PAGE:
Saturday, May 15, 2010

Spring Time Stories

Even for seemingly repetitive spring season around our community each year, there are something unique for us to observe, to enjoy and to fascinate about.

Mallards in swimming pool

There are a lot of Mallards, i.e. wild ducks, at the pond in Russell Creek Park. I saw paired mallards swimming in the pond, flying in the air, and sometimes they come to the residential area. According to all about birds, they are generally monogamous. No wonder they are regarded as affectionate couples. Even though it is said that female mallards raise ducklings by themselves, I frequently saw families of ducks - a female duck, ducklings and a male duck swimming in the pond. They are peaceful families

One evening, Lily and I walked around our block after dinner - for some reason I brought my camera with me. When we were approaching the community pool, a lone male mallard (drake) wandering outside the fence of the pool drew my attention - I had never seen a lonely mallard away from the pond. As we got closer, it flew inside the fence to the pool - looking over the bushes, we saw a flock of ducks in the pool. Curious, we went to the pool as well.

An old couple were there by the pool, the old man was taking pictures, the lady was sitting on a chair looking on: A female duck (hen) with 9 ducklings were swimming in the pool! The drake was swimming around the flock. I took a few pictures of the group - as it was getting dark quickly, I turned off my camera and put it in the case. As we were were wondering how the ducklings could get to the pool, supposedly from the pond, the drake started to chase the hen. As the chase went on, the ducklings swam to a corner of the pool. The drake finally caught the hen and mounted it! After the drake got off the hen, the hen quacked loudly and chased the drake away. I was surprised to see the discord, and was astonished to see the 'domestic violence' - assuming the two ducks were a pair.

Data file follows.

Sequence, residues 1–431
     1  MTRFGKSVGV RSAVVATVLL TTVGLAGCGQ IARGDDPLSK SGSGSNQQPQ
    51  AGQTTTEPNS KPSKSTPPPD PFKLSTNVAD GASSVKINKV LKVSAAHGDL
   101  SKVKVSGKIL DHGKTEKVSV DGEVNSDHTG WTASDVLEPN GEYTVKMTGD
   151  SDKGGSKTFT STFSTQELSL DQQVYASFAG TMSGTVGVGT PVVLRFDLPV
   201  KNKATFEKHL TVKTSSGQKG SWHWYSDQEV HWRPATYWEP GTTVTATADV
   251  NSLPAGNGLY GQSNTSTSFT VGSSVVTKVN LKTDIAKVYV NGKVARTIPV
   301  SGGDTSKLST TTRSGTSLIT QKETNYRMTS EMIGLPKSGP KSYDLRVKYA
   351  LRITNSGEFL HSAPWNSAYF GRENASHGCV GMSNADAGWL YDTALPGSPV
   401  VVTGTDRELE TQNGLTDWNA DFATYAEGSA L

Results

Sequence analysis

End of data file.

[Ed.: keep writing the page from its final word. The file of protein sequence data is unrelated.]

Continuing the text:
Afterwards, I still see paired mallards gently swim at the pond - typically a drake following a hen, or fly overhead - projecting the very image of an affectionate couple; I still see a hen and a drake herding ducklings, lazily and harmoniously. I guess what we observed that evening was just an aberration.

House Finches and Northern Mockingbirds

The Saturday morning two weeks ago, when I was at our home office, I heard this beautiful bird chirping just outside the window - similar to the sound I heard when I worked in the yard. Looking out, I saw a red head bird on a branch of the big tree in the front yard - I thought it was a cardinal. After several tries, I finally took a clean picture of the bird. Looking at pictures of the bird, Justin told me it was some type of finch. It turned out to be a male house finch.


To take better pictures of the finch, I went out. Then I saw another bird (female - one could tell by looking at the feathers)with grasses in its beak flying into the pine tree. The pair of house finches were building their nest in the pine tree. My interests in the birds went through the roof. I stood in the front yard observing the birds for quite some time. Here is what I observed: